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Tips to quit smoking

Tips to quit smoking
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First Published: Tue, Apr 29 2008. 12 52 AM IST
Updated: Tue, Apr 29 2008. 12 52 AM IST
First and foremost, set a quit date and quit completely on that day. To prepare for that day:
Identify the times you are most likely to smoke. For example, do you tend to smoke when feeling stressed? When you are out at night with friends? While you are drinking coffee? When you are bored? While you are driving?
Keep a diary to help you determine such risky times. Record each time you have a cigarette, including time of day and what you are doing
Make a plan about what you will do instead of smoking during those times when you are most likely to. For example, drink tea instead of coffee—tea may not trigger the desire for a cigarette. Or, take a walk when feeling stressed. Remove ashtrays and cigarettes from the car. Place pretzels or hard candies instead. Pretend—smoke with a straw
Let all your friends, family and co-workers know of your plan to stop smoking and your quit date. Just being aware that they know can be a helpful reminder and motivator
Prior to your quit date, start reducing your cigarette use, including decreasing the number and strength of the cigarettes. However, DO NOT do this simply to make your diary “look good”. Get rid of all your cigarettes just prior to the quit date and clean out anything that smells like smoke, such as clothes and furniture
Other tips that can help you quit and stay quit include:
Enroll in a smoking cessation programme (hospitals, health departments, community centres and worksites frequently offer programmes)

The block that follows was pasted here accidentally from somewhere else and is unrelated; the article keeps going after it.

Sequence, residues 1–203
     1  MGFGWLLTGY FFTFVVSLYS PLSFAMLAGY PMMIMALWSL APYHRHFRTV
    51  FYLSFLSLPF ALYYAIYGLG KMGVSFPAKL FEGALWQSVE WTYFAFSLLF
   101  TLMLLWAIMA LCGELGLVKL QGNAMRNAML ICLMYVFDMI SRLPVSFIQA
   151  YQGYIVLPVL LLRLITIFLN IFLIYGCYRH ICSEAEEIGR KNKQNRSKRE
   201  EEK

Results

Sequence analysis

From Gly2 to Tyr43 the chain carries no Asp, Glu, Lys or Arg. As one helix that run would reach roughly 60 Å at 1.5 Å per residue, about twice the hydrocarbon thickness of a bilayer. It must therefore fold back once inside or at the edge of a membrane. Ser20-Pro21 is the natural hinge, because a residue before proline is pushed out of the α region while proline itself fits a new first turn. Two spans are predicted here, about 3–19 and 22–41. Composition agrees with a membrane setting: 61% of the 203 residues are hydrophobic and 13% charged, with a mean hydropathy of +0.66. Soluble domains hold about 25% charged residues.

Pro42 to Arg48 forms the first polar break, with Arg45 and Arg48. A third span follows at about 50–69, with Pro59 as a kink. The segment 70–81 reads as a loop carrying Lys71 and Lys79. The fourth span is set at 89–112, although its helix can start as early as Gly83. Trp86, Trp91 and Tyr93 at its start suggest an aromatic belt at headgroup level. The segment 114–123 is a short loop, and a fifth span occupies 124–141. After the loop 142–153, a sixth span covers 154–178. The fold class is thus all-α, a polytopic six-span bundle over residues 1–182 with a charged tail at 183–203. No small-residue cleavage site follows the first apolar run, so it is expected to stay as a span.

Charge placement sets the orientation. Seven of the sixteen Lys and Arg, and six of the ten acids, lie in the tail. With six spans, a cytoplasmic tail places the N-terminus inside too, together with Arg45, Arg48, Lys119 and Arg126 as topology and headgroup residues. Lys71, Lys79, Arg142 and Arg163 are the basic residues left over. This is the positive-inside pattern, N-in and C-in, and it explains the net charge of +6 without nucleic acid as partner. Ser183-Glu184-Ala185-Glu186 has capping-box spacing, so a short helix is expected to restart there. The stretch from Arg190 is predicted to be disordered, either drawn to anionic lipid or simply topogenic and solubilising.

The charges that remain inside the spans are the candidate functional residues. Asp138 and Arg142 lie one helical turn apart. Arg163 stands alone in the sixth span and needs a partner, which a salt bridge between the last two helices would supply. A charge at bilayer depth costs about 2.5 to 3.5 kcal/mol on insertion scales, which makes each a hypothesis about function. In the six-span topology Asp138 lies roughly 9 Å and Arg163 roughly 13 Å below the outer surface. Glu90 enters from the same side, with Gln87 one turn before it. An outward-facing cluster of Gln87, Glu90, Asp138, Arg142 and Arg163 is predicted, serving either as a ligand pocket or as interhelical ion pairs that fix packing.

Ask your health care provider for advice, including whether prescription medications are safe and appropriate for you
Find out about nicotine patches, gum and sprays
Try hypnosis—it works for some people
Avoid smoke-filled settings and situations in which you are most likely to smoke
Exercise to relieve urge to smoke
(©2008/The New York Times)
Breastfeeding cuts cancer risk
When it comes to feeding babies, the old adage “breast is best” certainly holds true, for a new study has found that it cuts the mother’s risk of developing breast cancer. Researchers at the World Cancer Research Fund (WCRF) have concluded that mothers should breastfeed for six months after giving birth to cut their risk of breast cancer. Lucie Galice of WCRF says it is a real concern that so many women are unaware of this simple way of protecting themselves.
“The evidence is convincing and this is why we recommend that—if they are able to—mothers should aim to breastfeed exclusively for the first six months (after giving birth) and then also continue with complementary feeding,” she says. This means that many new mothers are making choices about whether to breastfeed without knowing it can help reduce cancer risk. The researchers came to the conclusion after carrying out a survey. It showed three out of four women are unaware of the link and two-thirds are also unaware that breastfeeding cuts the risk of children being overweight. (PTI)
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First Published: Tue, Apr 29 2008. 12 52 AM IST